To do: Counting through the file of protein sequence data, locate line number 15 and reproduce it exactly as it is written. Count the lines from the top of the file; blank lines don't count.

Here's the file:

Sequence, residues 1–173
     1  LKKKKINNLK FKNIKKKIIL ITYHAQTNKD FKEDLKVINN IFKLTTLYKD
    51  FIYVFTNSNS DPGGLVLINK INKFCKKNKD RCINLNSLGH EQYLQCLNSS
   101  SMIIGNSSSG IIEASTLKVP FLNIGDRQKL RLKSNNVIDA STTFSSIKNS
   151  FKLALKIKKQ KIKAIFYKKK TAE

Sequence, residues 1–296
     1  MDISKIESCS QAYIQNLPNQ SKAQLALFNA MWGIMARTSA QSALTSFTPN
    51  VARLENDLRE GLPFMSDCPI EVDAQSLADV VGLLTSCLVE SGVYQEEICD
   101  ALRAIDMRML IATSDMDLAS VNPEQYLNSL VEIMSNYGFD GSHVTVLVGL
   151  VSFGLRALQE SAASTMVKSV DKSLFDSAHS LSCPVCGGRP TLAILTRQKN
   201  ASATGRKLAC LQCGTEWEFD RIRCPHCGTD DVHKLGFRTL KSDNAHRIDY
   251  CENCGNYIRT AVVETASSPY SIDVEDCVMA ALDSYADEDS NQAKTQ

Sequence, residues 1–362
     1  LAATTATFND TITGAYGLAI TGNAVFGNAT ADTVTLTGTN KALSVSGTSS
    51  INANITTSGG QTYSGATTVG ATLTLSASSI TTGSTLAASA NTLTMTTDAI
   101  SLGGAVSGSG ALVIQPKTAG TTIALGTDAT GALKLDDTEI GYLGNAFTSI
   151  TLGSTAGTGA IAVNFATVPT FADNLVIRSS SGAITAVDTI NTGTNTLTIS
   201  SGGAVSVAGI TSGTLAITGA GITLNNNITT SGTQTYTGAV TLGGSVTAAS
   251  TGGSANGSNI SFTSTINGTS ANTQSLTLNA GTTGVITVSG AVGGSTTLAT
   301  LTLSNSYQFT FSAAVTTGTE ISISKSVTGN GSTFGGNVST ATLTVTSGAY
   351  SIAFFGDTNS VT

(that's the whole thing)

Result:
    51  INANITTSGG QTYSGATTVG ATLTLSASSI TTGSTLAASA NTLTMTTDAI